A laboratory developed test (LDT) is any test that has been developed by an individual laboratory, often using instruments and/or reagents that have not been approved by the FDA for use as/in an in vitro diagnostic test. For example, measuring pH using a pH meter and pH calibrators from a scientific supply company is an LDT. So is performing a spun hematocrit, measuring acylcarnitines by tandem mass spectrometry, or performing newborn screening on dried blood spots. Even using an FDA-approved assay for samples or in a manner not specified by the manufacturer makes that assay an LDT. If you look around your lab, you may find that you’re performing an LDT without really thinking about it.
Who regulates these tests? The FDA regulates in vitro diagnostic testing, and LDTs fall under their purview. Until recently the FDA has used “enforcement discretion” and has essentially allowed CLIA regulations and CLIA oversight to ensure proper validation and monitoring of LDTs. CLIA regulation Subpart K, Section 493.1253 gives the specific parameters that must be properly validated in any non-FDA-approved assay. CLIA also regulates the proper usage and control of LDTs, just like any test performed in the laboratory. Is it necessary for LDTs to be regulated more highly than this?
In June of 2010 the FDA announced its intention of taking a more active role in LDT regulation in the future. They also held a public meeting to discuss their increased oversight. All laboratories which perform LDTs will do well to monitor developments in this newly intended enforcement of the FDA’s role, and keep abreast of changes coming out in the regulatory environment for these tests.
When a physician describes what they do they will often say, “I practice medicine.” The reason for this is because each patient, even if they are in similar disease states, usually requires a somewhat unique treatment regimen. The same can be said of leadership. We as leaders are constantly refining our leadership styles, and to a degree practicing what we learn and observe. Just like the patients, each employee we lead is slightly different and it is up to us to adjust to them and not vice-versa. I have been a leader for three short years but my leadership style has already gone through many changes and modifications as I learn and interact with my employees.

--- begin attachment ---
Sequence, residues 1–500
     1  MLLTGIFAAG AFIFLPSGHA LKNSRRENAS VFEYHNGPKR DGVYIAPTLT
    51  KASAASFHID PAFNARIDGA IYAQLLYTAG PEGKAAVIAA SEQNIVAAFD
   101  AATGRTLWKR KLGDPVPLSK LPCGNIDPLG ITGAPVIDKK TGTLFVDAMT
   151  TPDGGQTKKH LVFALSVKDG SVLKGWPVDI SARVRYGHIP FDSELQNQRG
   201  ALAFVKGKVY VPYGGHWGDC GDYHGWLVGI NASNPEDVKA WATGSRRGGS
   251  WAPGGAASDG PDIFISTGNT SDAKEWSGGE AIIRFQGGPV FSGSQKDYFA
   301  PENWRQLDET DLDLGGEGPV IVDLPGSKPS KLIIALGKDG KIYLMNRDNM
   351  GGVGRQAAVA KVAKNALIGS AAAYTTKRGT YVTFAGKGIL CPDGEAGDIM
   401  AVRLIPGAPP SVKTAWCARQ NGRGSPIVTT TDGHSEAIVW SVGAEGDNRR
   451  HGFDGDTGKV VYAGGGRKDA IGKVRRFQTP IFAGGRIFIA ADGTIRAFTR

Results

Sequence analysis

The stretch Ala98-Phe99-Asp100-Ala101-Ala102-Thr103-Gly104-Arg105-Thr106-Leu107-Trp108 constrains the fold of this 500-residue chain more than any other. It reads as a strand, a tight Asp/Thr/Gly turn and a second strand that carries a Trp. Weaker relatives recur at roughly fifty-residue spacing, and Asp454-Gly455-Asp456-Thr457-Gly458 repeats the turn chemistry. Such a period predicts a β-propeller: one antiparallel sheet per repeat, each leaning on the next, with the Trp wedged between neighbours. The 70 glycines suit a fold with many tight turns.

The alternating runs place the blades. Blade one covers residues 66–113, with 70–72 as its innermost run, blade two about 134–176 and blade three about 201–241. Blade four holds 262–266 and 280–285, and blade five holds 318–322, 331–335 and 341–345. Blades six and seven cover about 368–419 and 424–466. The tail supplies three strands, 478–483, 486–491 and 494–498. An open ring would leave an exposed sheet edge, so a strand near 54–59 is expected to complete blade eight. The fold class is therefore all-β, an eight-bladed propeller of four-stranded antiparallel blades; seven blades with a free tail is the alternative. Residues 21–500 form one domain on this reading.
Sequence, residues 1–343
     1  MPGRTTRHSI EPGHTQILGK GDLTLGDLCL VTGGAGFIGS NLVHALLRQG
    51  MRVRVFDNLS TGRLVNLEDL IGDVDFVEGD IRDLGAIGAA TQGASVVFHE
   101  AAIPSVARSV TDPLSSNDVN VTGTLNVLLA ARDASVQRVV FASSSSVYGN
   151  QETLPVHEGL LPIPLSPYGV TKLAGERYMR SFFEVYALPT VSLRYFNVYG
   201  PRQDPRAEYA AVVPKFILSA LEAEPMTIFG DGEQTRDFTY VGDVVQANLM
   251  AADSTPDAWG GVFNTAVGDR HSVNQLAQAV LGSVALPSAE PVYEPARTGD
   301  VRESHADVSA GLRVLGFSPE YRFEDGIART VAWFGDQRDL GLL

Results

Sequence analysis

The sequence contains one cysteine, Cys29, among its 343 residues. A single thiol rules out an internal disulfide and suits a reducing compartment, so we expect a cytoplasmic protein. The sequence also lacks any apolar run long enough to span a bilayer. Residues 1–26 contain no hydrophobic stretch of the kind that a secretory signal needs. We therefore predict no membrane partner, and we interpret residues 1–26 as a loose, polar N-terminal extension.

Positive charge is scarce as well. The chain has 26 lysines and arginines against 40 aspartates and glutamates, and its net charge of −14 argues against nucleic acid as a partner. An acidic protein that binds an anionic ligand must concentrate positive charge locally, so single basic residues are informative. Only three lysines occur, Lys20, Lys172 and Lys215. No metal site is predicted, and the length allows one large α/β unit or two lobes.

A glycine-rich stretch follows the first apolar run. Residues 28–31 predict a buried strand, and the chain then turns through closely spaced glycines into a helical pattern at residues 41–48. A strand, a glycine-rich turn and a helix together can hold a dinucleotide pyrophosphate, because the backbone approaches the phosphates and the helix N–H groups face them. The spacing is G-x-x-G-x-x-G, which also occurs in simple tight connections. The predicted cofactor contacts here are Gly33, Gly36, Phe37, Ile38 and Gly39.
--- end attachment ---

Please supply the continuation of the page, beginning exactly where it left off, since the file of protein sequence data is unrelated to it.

I have also been confronted with the challenge of the leader versus manager mentality. The natural tendency when an employee is struggling is to jump in and save the day. However, did you really help them? Perhaps the better approach is to discuss the problem with the employee, give them the tools they need, whether it be knowledge or physical items, and then observe the employee working out the problem themselves. This is the tightrope leaders walk, and it can sometimes feel like the most daunting of tasks.
I start this blog with the hopes of putting together the leadership puzzle by first analyzing the pieces and then taking a step back and viewing the big picture. I just finished my 6th year as a laboratory professional and celebrated by re-certifying with ASCP. I gain my experience through being a blood bank supervisor as well as a general supervisor in a mid-sized community hospital that is part of the larger conglomerate Cleveland Clinic. Working here has given me insight into the entire gambit of the lab as well as how we interact with the rest of the medical profession. I will often refer back to issues and how they relate “outside the four walls.” This is especially important to leadership and how we keep our employees engaged.